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Some freshwater mussels have evolved unique mantle modifications and behaviors to lure host fish to be parasitized. A few can be seen below.

(Lampsilis cardium) - mantle flapping behavior

Lampsilis cardium) - mantle flapping behavior (different population)
Ridged Pocketbook
(Lampsilis ovata) -
mantle flapping behavior

Pink Mucket
(Lampsilis abrupta) -
mantle flapping behavior
(endangered species)

Rayed Bean
(Villosa fabalis) -
mantle display
(Toxolasma parvum) - mantle display
Unlike most populations, those from Lake Erie have mantle flaps rather than caruncles.

Black Sand Shell
(Ligumia recta) -
mantle display


Northern Riffleshell (Epioblasma torulosa rangiana)

The Northern Riffleshell captures its host, usually a darter or sculpin, between its shells. It will hold the fish for 5-10 minutes, pumping glochidia onto the fish's face. In the video watch the space below the fish for clouds of glochidia. Newly transformed juveniles

Spermatozeugmata ("sperm balls"). Freshwater mussel males release sperm in structures called spermatozeugmata. Resembling a colony of Volvox, sperm are embedded head-first in a double-layered hollow sphere. The "sperm balls" seen here are from the Giant Floater, Pyganodon grandis.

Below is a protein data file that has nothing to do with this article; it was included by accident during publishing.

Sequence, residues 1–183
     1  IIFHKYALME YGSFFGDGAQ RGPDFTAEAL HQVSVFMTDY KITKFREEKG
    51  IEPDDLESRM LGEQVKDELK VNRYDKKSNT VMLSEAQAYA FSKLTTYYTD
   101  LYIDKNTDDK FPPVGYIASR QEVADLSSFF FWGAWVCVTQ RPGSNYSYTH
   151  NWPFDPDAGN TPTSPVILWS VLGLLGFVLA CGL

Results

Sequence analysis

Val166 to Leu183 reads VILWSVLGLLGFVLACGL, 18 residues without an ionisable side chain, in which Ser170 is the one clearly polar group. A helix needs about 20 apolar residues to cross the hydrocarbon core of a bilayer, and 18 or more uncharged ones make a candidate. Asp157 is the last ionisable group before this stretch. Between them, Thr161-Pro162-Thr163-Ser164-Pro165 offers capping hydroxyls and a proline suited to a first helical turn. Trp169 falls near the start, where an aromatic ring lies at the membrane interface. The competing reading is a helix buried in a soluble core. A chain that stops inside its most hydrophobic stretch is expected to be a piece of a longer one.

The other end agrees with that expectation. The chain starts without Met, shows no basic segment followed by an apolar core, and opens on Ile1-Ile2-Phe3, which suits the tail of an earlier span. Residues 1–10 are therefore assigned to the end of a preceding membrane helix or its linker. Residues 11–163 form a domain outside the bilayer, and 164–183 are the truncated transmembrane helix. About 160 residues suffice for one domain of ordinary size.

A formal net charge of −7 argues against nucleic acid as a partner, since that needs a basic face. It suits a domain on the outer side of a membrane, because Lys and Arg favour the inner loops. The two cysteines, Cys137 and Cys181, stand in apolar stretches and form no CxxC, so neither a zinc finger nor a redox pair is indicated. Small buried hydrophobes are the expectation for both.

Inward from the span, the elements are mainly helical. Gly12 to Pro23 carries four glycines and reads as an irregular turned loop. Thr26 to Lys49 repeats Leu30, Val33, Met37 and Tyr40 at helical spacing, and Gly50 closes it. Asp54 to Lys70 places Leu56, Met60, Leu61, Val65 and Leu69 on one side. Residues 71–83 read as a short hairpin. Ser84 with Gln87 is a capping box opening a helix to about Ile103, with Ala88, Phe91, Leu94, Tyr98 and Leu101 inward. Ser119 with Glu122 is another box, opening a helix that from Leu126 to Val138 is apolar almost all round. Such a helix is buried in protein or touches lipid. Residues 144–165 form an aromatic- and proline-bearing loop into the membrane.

Sperm removed from the gonads. Sperm have not been incorporated into spermatozeugmata. Spermatozeugmata released by a male. Individual sperm may be seen as well.
A single spermatozeugmatum Dissociation of spermatozeugmata ("exploding sperm balls")

Although sperm are released as spermatozeugmata it is obvious that they cannot fertilize eggs in this state. How and when spermatozeugmata are dissociated into individual sperm was unknown. In a simple experiment, shown here, fluid was removed from a female's intra-branchial space and added to spermatozeugmata. The result is dramatic. In the "Dissocation" video, once the camera stops moving, note a wave of dissociation beginning in the upper left (where the fluid was added). Clearly, when spermatozeugmata contact fluid from the female's gills they dissociate and are available to fertilize eggs. We are now isolating the component of the fluid responsible for the dissociation. The mechanism of dissociation remains unknown.

Lymnaea stagnalis. We have had a colony of this species since 2003. The videos show this snail just before and after hatching from the gelatinous egg mass.

Lymnaea stagnalis just before hatching Lymnaea stagnalis newly hatched